Local family wants more done to help those struggling with addiction

By Leah Murray
June 13, 2017 - 5:46pm Updated: June 14, 2017 - 9:36am


MEDICINE HAT, AB — A Medicine Hat family is speaking out about the need for greater support after their son and brother lost his battle with the disease of addiction.

On January 1st of this year Shane Westgarth died from an overdose of drugs and alcohol.

“I was awoken by the doorbell and I went out and there were two police officers standing on the front step,” Shane’s father Bob Westgarth describing how he was notified his son had died.

“Nobody chooses the life of an addict, nobody does,” said Shane's sister Megan Westgarth. “Nobody chooses to live on the street, nobody chooses to ingest and be dependent on a substance.”

The family says Shane struggled with addiction for many years. He sought treatment several times and the longest he was sober was 100 days.

The last time Shane reached out for help was in the summer of 2016.

He went to the Medicine Hat Detox and Recovery Centre, but his family said he was turned away from treatment there.

“[Shane] was denied based on the fact that he has seizures, which most alcoholics have when their withdrawing,” said his sister. “He was told that they are not a medical detox and they told him there was going to be a three-week waiting period.”

Shane was bounced back and forth between the hospital and the detox centre until he was finally admitted to the hospital for detox.

Debbie Vass with Alberta Health Services say patients who have serious medical conditions often can’t be admitted to the Detox Centre.

She said the facility has limitations when it comes to acute care and if someone has seizures, like Shane, it can require more medical care than they can provide.

“If someone has a very complex disorder, we cannot put them at risk. We need to ensure they are safely treated,” said Vass.

After detoxing, Shane wanted to attend a residential treatment program, but his family said he was released from the hospital without being connected to a program.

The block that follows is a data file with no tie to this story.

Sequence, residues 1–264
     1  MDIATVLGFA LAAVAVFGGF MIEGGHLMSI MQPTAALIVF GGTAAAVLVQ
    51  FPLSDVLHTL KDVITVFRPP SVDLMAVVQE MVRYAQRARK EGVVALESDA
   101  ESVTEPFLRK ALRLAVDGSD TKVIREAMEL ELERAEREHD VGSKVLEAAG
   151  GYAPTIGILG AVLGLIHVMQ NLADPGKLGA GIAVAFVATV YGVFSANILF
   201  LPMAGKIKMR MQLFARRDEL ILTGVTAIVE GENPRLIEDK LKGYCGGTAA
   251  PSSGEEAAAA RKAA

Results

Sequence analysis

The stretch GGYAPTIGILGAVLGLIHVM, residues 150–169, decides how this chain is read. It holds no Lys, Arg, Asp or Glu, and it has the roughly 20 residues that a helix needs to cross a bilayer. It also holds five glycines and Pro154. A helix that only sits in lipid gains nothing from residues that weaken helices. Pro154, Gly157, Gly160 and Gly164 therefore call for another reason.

AHS said there’s currently a three week waiting list for in-patient recovery programs across the province. Part of that is to give people time to get their affairs in order before going in for treatment.

Vass said they try to connect patients to outside services and counselling so they don’t fall through the cracks while waiting.

But for the Westgarth family, they believe the system didn’t work for Shane and the lack of assistance ultimately led to his death.

“The system definitely failed Shane and it’s failing so many others,” said Megan.

Shane's father said their family wants to see the province add more spaces for detox and recovery so more lives aren't lost to addiction.

“(Until) that money is there to make these things happen, it's just going to continue,” said Bob.

Bob is now working with AHS and several other community members to form a drug coalition here in Medicine Hat to tackle issues around addictions.

He said his involvement is about making sure the loss of his son didn't happen in vain.

Megan said she also plans to get involved in the coalition once it’s up and running to help others struggling with addiction.

“You want to be able to do something to help other people so this doesn’t happen again,” she said. “If you just help one person then you feel like you’ve done your job.”

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